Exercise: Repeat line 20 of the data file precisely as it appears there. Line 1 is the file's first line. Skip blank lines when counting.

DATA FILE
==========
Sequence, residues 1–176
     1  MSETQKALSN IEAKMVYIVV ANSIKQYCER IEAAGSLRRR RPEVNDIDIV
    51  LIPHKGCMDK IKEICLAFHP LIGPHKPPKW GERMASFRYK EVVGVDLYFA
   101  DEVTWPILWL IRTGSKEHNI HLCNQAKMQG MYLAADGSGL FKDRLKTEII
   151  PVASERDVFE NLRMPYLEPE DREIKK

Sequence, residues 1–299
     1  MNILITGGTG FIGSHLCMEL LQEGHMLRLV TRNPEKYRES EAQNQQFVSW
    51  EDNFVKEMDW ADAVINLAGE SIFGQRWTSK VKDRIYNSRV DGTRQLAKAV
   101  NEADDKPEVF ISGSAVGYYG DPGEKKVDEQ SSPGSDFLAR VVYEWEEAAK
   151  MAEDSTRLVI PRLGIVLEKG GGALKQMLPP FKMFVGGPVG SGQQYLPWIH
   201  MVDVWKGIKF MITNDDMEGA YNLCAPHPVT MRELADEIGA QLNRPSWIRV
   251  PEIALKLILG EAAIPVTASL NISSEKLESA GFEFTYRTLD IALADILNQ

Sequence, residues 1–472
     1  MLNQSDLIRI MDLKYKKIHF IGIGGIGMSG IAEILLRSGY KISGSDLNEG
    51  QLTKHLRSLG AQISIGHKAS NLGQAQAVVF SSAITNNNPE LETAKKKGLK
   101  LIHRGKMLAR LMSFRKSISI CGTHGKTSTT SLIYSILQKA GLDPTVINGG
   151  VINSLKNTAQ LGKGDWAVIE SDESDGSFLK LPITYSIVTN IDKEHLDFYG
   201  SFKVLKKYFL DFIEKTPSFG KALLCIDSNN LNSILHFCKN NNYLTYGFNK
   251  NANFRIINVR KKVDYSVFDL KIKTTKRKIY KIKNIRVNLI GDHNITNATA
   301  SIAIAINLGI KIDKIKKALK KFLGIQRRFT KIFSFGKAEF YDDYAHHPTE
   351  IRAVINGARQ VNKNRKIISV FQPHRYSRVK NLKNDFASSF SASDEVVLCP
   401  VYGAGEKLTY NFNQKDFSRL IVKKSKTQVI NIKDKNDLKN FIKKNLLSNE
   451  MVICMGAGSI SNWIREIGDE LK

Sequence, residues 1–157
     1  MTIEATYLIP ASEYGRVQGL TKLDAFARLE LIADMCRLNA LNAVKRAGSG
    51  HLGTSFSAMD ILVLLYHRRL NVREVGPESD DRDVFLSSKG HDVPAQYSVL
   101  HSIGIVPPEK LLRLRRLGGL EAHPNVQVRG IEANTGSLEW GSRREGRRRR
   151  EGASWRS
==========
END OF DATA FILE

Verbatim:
   301  SIAIAINLGI KIDKIKKALK KFLGIQRRFT KIFSFGKAEF YDDYAHHPTE